The first of these is pretty unimaginative; the more literary Peter Pan-based one strikes me as more interesting; and given science students' predilection for cult/fantasy fiction (which Peter Pan may have been at the time), it's the reason I favour.

Anyway, the crocodile sculpture is quite well hidden. In three years living within a quarter of a mile of it (and in two of those years less than half that)   I didn't see it until last Sunday, when I went back to Cambridge to sing Messiah.

The picture of the three crocodiles I borrowed from CAVmag is a little misleading – though not to a serious extent. I could, by estimating the brick size, have calculated the applicability of the caption Bricks 100m. When I saw it in the flesh (or, I suppose, brickdust) I saw that this was a bit of an underestimate. The vertical extent of the bas-relief is indeed a little over 100m (which to us non-mathematicians means, I think, 1m). But, even with its curled tail, it forms the hypotenuse of a right-angled triangle with base ca. 0.8m; so its length is more like  √1.6 m. With its tail uncurled (like the middle one of the 3 crocodiles) it would exceed 1.5 m. This makes the size of the DNA origami crocodile even more impressive.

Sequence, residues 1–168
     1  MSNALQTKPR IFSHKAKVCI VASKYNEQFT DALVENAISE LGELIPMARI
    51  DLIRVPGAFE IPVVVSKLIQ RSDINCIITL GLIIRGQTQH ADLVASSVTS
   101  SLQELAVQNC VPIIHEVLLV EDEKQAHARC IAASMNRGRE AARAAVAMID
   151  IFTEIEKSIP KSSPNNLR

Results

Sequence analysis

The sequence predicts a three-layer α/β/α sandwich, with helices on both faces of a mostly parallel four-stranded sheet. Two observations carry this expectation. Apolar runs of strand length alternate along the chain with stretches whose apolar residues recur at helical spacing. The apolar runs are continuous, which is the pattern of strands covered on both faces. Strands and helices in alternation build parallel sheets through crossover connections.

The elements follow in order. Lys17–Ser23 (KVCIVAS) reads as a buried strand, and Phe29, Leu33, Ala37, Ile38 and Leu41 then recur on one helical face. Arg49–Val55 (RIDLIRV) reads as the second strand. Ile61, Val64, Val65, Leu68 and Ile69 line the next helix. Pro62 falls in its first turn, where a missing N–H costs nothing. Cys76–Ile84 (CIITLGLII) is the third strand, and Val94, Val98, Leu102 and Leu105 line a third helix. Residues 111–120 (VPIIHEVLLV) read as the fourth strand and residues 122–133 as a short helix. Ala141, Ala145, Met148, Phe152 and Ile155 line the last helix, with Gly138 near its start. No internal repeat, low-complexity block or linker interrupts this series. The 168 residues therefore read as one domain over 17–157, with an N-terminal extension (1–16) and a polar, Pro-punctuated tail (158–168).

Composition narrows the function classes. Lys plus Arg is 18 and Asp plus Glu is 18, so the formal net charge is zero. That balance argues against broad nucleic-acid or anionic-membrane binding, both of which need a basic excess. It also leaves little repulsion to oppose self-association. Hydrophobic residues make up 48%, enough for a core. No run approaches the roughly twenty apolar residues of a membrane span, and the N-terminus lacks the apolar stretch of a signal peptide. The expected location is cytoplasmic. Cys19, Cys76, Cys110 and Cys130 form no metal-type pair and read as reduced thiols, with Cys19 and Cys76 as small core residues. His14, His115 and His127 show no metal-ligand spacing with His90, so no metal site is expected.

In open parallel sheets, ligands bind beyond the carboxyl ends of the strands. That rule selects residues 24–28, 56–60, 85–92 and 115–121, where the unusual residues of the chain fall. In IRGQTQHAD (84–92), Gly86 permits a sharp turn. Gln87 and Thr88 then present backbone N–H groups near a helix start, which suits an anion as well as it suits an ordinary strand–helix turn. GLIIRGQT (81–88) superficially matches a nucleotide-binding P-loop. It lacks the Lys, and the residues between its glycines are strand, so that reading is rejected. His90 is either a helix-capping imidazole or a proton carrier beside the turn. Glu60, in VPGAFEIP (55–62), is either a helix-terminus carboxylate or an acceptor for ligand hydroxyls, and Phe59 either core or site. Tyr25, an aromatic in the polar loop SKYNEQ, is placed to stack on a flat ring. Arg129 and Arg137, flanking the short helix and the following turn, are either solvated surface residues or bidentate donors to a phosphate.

I had hoped to use my visit to Cambridge to see DNA origami in action, but the opportunity didn't arise. As this post has been visited more often than all but 4 of my posts – all of which have been around for 3 or 4 years, as opposed to this post's 3 or 4 weeks – I was looking forward to updating it with something  a little more substantial (rather than this somewhat trivial reflection on what is – I must admit – a pretty unimpressive Eric Gill pot-boiler



Here are two clues:

Such animal magnetism is a charm - sort of.  (8)

And a thematic  one:

Fancy folding, reversing, I'm a PO cheque. (7)

(Hint: the last two words make this nigh-on impossible for people with no experience of/in the UK. If you can't  bear the ignorance, look at the HTML source [where there's a comment].)

Update:2016.05.16.09:55 –  Answers: CHARISMA and ORIGAMI